Search Results

Pre-impoundment Environmental Study of Ray Roberts Lake

Description: "This report presents the results of the pre-impoundment investigations" of Ray Roberts Lake. The purpose of the study is "to improve understanding of the impact of [U.S. Army Corps of Engineers] water resource projects, to provide the basis for evaluating the projects' effects on fish and wildlife resources, and to provide the opportunity for better planning and development of water resource projects and natural resource management" in the Lake Ray Roberts area, located in Denton County, Texas (p. 3).
Date: May 1988
Creator: University of North Texas. Institute of Applied Sciences.
Partner: UNT Institute of Applied Sciences

Post-impoundment Study of Ray Roberts Lake Year-Six

Description: "This report presents the results of investigations conducted six years following the impoundment of Ray Roberts Lake." The purpose of the study is "to improve understanding of the impact of [U.S. Army Corps of Engineers] water resource projects, to provide the basis for evaluating the projects' effects on fish and wildlife resources, and to provide the opportunity for better planning and development of water resource projects and natural resource management" in the Lake Ray Roberts area, located in Denton County, Texas (p. 3).
Date: December 1995
Creator: University of North Texas. Institute of Applied Sciences.
Partner: UNT Institute of Applied Sciences

Ecological Studies of the Hudson River Near Indian Point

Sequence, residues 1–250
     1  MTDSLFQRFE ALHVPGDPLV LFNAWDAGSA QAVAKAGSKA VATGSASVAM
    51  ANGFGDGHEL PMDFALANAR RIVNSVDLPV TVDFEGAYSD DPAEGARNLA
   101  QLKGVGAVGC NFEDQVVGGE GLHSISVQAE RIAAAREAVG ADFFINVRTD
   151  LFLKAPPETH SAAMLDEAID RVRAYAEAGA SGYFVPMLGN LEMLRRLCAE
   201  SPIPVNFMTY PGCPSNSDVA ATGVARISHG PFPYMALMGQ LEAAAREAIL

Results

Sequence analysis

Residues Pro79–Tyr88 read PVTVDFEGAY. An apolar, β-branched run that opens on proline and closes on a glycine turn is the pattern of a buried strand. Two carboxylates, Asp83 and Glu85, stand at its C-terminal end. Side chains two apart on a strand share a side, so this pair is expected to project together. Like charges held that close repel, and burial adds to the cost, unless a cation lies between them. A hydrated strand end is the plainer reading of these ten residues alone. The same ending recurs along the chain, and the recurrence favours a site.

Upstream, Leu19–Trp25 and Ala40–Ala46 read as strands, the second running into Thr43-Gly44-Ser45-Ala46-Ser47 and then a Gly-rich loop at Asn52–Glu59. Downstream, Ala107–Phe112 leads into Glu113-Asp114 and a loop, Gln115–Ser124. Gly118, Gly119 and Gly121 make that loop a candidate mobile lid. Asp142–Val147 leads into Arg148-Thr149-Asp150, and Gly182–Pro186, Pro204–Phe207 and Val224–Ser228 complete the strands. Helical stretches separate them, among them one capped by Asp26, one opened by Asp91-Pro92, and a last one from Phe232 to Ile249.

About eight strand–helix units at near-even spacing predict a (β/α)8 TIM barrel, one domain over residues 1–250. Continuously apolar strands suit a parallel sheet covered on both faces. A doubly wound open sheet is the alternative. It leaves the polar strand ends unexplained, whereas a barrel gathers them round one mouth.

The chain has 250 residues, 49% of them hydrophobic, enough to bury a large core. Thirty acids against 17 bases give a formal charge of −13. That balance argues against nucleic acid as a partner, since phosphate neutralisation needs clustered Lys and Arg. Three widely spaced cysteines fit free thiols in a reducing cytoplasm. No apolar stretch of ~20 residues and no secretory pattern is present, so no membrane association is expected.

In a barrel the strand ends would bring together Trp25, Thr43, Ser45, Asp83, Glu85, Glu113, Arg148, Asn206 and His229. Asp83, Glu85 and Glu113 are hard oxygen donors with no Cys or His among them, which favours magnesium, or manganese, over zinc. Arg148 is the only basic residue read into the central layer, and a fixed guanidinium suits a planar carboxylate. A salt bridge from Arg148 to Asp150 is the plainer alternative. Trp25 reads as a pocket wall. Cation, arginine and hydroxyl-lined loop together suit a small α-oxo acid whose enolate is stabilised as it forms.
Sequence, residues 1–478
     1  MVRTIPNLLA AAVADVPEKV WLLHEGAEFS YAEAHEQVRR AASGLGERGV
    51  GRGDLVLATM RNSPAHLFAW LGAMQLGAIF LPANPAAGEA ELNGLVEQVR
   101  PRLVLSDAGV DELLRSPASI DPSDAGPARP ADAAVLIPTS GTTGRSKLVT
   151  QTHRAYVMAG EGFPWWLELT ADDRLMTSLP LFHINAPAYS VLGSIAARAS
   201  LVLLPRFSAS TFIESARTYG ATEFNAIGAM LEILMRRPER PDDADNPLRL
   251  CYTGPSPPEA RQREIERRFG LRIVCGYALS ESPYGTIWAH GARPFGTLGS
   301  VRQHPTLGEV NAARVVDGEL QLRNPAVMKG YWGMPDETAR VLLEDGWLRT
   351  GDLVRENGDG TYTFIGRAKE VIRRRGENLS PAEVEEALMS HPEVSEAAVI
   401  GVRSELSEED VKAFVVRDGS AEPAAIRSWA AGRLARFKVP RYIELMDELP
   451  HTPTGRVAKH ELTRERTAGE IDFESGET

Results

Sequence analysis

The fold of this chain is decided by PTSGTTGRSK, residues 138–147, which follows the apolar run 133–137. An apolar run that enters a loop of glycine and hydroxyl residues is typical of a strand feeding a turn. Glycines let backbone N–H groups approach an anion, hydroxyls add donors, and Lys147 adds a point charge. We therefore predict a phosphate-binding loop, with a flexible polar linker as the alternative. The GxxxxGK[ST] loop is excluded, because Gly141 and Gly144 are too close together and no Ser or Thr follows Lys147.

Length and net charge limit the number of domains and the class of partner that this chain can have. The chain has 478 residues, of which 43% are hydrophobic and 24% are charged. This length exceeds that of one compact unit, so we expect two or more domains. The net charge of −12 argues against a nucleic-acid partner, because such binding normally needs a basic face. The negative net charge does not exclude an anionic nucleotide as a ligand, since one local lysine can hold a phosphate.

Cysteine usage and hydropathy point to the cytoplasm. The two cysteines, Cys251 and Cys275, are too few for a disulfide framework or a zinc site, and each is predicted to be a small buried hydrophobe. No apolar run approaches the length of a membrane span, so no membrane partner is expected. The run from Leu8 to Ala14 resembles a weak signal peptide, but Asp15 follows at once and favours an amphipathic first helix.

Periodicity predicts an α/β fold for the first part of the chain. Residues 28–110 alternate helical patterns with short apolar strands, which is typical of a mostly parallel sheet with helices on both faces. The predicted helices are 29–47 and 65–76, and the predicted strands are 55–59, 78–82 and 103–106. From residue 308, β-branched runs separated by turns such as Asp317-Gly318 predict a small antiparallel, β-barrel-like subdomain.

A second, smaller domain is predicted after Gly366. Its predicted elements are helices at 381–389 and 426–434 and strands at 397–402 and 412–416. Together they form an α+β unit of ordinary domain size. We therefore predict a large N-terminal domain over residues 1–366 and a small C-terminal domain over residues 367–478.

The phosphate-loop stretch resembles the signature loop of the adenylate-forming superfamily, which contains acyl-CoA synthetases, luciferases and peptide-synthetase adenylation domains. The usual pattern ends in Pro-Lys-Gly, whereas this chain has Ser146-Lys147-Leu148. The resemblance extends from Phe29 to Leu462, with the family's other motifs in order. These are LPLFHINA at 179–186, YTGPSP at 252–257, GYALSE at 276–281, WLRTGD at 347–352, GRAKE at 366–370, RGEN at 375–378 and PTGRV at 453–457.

Description: "The general purpose of [this study is] to determine the ecological responses of the [Hudson] River to various classes of potential pollutants, so that the discharge of waste heat and radionuclides from the Indian Point Power Plant can be evaluated in context with these" (p. 1).
Date: April 1971
Creator: New York University. Medical Center. Institute of Environmental Medicine.
Partner: UNT Libraries

Ultraviolet Radiation Tolerance in High Elevation Copepods from the Rocky Mountains of Colorado, USA

Description: Copepods in high elevation lakes and ponds in Colorado are exposed to significant levels of ultraviolet radiation (UV), necessitating development of UV avoidance behavior and photoprotective physiological adaptations. The copepods are brightly pigmented due to accumulation of astaxanthin, a carotenoid which has photoprotective and antioxidant properties. Astaxanthin interacts with a crustacyanin-like protein, shifting its absorbance from 473 nm (hydrophobic free form, appears red) to 632 nm (protein-bound complex, appears blue). In six sites in Colorado, habitat-specific coloration patterns related to carotenoprotein complex have been observed. The objective of this study was to determine whether pigment accumulation or carotenoprotein expression has a greater effect on resistance to UV exposure. For each site, copepod tolerance to UV was assessed by survivorship during UV exposure trials. Average UV exposure was determined for each habitat. Astaxanthin profiles were generated for copepods in each site. Ability to withstand UV exposure during exposure trials was significantly different between color morphs (p < 0.0001). Red copepods were found to tolerate 2-fold greater levels of UVB than blue or mixed copepods. Additionally, red copepods have much higher levels of total astaxanthin than blue or mixed copepods (p < 0.0001) and receive a higher daily UV dose (p < 0.0003). Diaptomid carotenoprotein sequence is not homologous with that of other crustaceans in which crustacyanin has been characterized which prevented quantification of carotenoprotein transcript expression. Overall, diaptomid color morph may be an important indicator of UV conditions in high elevation lentic ecosystems.